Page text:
Is Russian Prime Minister Vladimir Putin, known as the ultimate macho man of world politics, a role model for Maharashtra’s agriculture minister, Balasaheb Thorat?
On his 56th birthday last year, Putin got a tiger cub as a present. He wasted no time in organising a photo shoot on the veranda of his Moscow home: as the shutters clicked, Putin stroked the 10-kg cub that lay in a wicker basket.
Thorat, with a cellphone in one hand, stroked a cub with the other at Nagpur’s Maharajbagh Zoo on Saturday. The photographers were there too.
On Tuesday, the Delhi-based Central Zoo Authority (CZA) has sent a show-cause notice to the administration of Maharajbaugh Zoo in Nagpur, asking why the minister was allowed inside the cage.
The action violates Section 38J of the Wildlife (Protection) Act 1972, which states that no person shall tease or cause disturbance to the animals in a zoo.
It has also turned out that Thorat — succumbing either to the allure that tigers and lions, among all beasts, have for humans; or taking a dipstick survey of his own machismo; or treating the cub like, as he has suggested, a child at a home to which he has been invited — had asked for the most docile of the cubs to pet.
Forest officials, who had spent months with the three cubs now in the zoo, and had hand-raised them after they were brought to the zoo from the wild, were called in. They suggested the one that was likely to be the meekest.
“This was to help the minister in his act of bravado,” said a forest official, who was part of the team that rescued the cubs from the forests of Junona in Chandrapur in November 2008.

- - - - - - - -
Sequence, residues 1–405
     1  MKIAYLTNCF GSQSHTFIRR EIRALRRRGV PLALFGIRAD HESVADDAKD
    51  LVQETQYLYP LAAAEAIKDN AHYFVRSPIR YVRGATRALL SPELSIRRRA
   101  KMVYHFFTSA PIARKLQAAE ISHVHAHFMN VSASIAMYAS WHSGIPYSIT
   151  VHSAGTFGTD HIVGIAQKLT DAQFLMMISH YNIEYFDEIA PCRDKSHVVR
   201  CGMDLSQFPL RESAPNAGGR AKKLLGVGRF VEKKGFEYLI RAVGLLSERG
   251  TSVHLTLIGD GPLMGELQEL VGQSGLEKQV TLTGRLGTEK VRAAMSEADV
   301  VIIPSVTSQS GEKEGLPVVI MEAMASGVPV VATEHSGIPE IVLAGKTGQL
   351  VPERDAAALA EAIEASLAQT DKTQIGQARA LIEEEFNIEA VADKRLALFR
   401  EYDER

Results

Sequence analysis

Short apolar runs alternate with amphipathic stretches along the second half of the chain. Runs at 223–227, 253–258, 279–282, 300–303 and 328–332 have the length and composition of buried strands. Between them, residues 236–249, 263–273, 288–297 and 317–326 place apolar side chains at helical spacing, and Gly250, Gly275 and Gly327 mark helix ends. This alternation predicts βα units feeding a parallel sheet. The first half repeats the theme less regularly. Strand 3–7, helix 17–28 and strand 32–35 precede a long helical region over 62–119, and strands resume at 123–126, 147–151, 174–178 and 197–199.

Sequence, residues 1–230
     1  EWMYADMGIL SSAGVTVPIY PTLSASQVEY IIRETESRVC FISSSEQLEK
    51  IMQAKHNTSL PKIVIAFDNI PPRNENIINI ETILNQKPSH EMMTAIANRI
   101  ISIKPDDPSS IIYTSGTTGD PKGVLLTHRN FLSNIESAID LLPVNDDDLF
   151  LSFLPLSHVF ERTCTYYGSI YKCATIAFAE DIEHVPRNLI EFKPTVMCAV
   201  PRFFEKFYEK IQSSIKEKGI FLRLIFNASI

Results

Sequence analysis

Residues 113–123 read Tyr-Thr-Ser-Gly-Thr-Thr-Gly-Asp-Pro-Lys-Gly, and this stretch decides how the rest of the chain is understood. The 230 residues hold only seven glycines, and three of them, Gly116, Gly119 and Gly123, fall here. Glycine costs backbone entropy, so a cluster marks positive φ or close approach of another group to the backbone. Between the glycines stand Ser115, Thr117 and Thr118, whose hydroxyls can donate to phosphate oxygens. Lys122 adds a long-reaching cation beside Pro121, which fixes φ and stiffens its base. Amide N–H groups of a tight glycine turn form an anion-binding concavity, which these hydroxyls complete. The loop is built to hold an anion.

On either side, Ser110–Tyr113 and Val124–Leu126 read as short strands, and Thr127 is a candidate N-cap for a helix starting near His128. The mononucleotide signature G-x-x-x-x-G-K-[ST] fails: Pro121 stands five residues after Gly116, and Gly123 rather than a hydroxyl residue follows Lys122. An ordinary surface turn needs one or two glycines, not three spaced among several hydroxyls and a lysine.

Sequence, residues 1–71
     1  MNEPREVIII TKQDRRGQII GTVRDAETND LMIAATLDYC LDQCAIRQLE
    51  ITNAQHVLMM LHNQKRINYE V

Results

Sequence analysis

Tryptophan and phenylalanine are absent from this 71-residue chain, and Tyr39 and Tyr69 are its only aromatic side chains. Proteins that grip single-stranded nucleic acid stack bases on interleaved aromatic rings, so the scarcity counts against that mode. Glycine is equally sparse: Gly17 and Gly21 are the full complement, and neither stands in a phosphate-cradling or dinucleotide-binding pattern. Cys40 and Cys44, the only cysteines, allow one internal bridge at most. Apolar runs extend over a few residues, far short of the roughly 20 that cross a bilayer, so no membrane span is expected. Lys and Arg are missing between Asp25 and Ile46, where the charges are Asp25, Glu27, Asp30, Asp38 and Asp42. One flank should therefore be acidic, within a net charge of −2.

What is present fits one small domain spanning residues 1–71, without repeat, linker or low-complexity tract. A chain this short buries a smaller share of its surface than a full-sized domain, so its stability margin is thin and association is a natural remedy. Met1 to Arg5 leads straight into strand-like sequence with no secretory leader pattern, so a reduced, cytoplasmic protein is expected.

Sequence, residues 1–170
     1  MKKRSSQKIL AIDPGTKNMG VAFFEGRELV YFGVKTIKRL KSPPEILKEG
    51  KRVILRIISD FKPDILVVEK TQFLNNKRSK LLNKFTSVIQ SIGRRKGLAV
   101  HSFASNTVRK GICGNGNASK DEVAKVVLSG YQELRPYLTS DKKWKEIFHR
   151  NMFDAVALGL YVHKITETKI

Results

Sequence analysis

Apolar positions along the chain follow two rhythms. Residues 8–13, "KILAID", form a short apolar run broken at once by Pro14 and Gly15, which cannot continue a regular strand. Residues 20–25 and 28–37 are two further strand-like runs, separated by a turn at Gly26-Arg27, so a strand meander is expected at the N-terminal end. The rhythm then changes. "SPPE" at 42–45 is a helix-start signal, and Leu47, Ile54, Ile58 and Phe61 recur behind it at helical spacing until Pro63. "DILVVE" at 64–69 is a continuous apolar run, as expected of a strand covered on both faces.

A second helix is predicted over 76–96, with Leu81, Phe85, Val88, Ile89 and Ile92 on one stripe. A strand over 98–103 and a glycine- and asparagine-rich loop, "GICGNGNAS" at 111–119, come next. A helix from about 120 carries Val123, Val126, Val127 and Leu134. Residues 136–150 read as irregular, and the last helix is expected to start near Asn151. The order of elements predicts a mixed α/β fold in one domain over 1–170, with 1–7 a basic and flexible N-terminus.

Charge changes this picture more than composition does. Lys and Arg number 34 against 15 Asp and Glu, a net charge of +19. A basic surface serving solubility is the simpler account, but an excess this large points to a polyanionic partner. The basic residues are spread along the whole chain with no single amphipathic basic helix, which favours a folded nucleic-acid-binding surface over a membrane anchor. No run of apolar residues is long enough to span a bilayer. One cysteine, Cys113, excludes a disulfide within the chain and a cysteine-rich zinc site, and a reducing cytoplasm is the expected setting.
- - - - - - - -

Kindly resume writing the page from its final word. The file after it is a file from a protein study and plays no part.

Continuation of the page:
The zoo, maintained by Punjab Krishi Vidyapeeth, had come under scrutiny in 2006 when Central authorities wanted to close it down, alleging substandard level of upkeep of animals and their healthcare facilities. It was cleared of all objections raised by CZA in 2007.
Speaking to HT from Delhi, CZA scientist Brij Gupta said: “There can be a six-year jail term for an individual if he commits this kind of violation.”
The deadline for reply was Wednesday, he added. “We want to know if the cubs were sedated to allow the minister inside the cage. It will be even a bigger violation in that case,” he said.
Unlikely, said the sources. “These cubs were hand-raised and are familiar with human interactions. The authorities also chose the most docile one,” said a senior official of the state wildlife wing.
In a damage-control exercise, a group of officers led by zoo veterinarian S.S. Bawaskar met senior Congress leader Digvijay Singh on Tuesday to convince him that the minister’s act was legal.
Conservationists felt the minister’s act amounts to teasing. “It could have proved dangerous for him,” said Kishor Rithe, president of Satpuda Foundation, an NGO working for wildlife conservation.
Close contact between endangered species and humans is restricted by zoos worldwide to reduce the animals’ trauma and the risk of infection.
A social worker from Nagpur Umesh Choube moved the Nagpur bench of Bombay High court, alleging that the minister had violated country’s wildlife protection law. The petition is likely to come up before a bench of the court on August 24 for hearing.
(With inputs from Pradip Kumar Maitra)